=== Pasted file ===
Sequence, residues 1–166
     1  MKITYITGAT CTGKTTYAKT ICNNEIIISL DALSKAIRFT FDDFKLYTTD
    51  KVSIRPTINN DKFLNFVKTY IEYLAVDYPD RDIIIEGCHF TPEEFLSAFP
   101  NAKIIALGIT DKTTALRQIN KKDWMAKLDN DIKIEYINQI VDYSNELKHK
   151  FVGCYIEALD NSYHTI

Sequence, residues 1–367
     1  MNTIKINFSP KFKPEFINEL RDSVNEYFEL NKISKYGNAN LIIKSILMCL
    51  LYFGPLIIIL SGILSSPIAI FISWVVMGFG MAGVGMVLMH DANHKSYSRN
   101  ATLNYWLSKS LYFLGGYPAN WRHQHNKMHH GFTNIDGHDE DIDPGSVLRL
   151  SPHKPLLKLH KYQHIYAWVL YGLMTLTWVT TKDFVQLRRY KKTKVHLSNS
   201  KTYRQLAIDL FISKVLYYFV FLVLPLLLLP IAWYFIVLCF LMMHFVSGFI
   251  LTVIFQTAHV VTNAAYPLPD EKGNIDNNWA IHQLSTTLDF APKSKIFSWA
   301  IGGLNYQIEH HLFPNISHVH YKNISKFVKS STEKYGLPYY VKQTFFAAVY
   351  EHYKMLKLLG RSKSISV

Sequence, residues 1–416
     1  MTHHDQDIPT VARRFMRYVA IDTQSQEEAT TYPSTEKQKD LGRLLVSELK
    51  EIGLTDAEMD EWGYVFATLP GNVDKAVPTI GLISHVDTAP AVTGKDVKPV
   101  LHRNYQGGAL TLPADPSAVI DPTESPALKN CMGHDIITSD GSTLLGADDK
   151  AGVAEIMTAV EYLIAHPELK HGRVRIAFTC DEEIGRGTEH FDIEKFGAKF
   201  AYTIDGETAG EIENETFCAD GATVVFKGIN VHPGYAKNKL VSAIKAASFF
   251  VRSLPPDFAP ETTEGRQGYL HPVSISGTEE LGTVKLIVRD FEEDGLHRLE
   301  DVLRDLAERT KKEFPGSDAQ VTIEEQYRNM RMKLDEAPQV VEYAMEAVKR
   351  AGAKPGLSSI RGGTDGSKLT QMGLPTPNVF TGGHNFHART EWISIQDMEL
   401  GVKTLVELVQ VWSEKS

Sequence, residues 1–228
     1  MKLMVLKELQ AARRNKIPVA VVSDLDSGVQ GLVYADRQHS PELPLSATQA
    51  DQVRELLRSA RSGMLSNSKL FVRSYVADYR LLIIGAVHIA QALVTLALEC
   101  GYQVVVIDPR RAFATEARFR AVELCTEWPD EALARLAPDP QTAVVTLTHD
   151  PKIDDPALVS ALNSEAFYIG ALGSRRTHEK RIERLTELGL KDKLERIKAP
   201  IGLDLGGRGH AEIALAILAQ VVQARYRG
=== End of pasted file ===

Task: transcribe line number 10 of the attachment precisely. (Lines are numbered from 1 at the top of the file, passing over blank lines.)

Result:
   151  SPHKPLLKLH KYQHIYAWVL YGLMTLTWVT TKDFVQLRRY KKTKVHLSNS